This is the first measurement of cases of acute bloody diarrhea in Wales. Since the study sample is broadly representative of the Welsh population (2), the mean annual rate of 18 per 100,000 practice population would equate to 530 cases in Wales as a whole. While a sentinel practice-based scheme cannot measure the true prevalence, it is an economical and efficient way to estimate the order of magnitude of the disease. The low frequency of acute bloody diarrhea and the rarity with which it is encountered by any individual practitioner limit greater precision. The range calculated from the 95% CIs in the study extrapolates to 275 to 850 cases per year in Wales. The difference between the number of cases reported during 11 months in 1997 and the whole of 1998 is not statistically significant since the 95% CIs overlap, but some increase may have occurred as reporting became more efficient.

A high proportion of patients (91%) supplied stool specimens, compared with 67% in a general practitioner-based survey of patients with nonbloody diarrhea (3). Campylobacter and Salmonella, known causes of bloody diarrhea, were isolated from 80% of specimens, and the epidemiologic characteristics of cases of acute bloody diarrhea frequently reflected those of these organisms (4). For example, the higher annual incidence of acute bloody diarrhea in children <5 years of age (63 per 100,000, compared with 18 per 100,000 for the entire study population) is reflected in laboratory reports to the CDSC (Wales) during the study period (i.e., for Campylobacter, an annual incidence of 130 per 100,000, with an incidence in children <5 years of age of 234 per 100,000; for Salmonella, an incidence of 68 per 100,000, with an incidence in children <5 years of age of 156 per 100,000 (CDSC [Wales], unpub. data).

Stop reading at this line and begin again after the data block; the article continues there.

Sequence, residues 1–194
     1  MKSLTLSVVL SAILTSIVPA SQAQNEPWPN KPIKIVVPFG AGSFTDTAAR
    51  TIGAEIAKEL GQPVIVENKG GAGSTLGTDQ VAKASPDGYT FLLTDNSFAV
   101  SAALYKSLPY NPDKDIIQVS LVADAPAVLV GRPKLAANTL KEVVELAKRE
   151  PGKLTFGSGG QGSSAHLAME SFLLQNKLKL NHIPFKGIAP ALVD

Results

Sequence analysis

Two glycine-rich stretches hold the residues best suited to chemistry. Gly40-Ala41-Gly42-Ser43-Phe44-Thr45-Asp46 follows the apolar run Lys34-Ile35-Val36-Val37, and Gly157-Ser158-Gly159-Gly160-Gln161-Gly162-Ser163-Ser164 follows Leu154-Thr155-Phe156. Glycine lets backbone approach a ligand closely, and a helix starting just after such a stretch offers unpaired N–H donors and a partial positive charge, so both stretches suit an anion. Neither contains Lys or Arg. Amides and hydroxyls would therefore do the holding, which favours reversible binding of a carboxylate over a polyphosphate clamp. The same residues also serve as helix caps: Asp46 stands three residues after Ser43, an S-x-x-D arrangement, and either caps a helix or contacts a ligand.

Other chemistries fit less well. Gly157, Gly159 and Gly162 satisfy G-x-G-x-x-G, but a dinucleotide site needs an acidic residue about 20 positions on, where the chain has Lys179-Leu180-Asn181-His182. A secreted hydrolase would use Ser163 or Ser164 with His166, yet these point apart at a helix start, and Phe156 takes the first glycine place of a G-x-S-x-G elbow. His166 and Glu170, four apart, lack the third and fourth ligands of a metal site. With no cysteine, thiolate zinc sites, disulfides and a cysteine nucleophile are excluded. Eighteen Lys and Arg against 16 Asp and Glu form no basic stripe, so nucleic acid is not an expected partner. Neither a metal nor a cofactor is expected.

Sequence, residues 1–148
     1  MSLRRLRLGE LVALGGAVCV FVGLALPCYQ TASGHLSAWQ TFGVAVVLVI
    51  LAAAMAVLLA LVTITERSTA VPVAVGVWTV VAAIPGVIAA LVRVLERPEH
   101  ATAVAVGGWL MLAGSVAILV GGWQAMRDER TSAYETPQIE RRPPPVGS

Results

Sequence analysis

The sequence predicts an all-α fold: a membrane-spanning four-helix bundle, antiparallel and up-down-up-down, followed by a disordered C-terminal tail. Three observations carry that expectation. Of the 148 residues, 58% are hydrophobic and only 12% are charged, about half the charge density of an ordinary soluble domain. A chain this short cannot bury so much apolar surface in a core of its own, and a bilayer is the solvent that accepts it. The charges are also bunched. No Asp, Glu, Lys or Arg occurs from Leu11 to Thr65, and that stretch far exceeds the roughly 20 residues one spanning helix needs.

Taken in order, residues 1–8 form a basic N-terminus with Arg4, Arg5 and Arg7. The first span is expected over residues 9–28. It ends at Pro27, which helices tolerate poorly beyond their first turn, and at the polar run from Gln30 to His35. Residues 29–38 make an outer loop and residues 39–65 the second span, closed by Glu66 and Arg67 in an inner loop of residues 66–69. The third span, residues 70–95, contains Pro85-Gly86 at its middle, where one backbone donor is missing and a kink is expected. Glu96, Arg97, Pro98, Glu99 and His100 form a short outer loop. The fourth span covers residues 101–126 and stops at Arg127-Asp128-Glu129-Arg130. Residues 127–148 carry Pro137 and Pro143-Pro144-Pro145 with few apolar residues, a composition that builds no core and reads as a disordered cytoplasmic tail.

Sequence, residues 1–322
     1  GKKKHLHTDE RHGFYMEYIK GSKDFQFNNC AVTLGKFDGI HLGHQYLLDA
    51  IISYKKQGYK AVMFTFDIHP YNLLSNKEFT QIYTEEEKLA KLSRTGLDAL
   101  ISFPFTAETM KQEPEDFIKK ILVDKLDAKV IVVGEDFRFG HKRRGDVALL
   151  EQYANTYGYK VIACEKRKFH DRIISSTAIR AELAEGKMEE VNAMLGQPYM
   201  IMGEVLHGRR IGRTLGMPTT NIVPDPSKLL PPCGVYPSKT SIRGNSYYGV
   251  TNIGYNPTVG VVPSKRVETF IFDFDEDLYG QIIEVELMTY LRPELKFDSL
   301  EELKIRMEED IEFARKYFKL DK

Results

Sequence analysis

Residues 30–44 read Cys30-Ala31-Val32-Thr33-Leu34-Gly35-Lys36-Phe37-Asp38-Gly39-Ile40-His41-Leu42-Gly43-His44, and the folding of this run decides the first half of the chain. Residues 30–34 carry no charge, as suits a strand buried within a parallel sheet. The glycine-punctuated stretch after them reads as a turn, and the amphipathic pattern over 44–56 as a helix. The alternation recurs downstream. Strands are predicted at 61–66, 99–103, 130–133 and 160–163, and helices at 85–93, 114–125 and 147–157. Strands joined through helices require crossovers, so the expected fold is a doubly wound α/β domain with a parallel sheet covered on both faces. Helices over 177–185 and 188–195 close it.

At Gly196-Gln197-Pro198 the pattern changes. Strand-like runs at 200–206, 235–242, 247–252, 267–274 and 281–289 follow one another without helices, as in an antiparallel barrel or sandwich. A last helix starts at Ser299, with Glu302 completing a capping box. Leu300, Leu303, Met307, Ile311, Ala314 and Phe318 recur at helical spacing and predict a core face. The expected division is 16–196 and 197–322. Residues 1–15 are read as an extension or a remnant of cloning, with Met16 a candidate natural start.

One anomaly, however, is the higher rates of acute bloody diarrhea in 25- to 44-year-old women. This is largely accounted for by higher rates of salmonellae (Table 2), something not seen in routine surveillance of Salmonella isolates in this period (CDSC [Wales], unpub. data). If this finding is true, women in this age-group may be more likely than men to exhibit acute bloody diarrhea when infected with salmonellae. No cases of STEC O157 were detected through this surveillance system; however, this organism is rare in Wales. The mean annual rate between 1990 and 1998 was 1.6 cases per 100,000; in 46.3% of cases, blood was detected in the stool (5).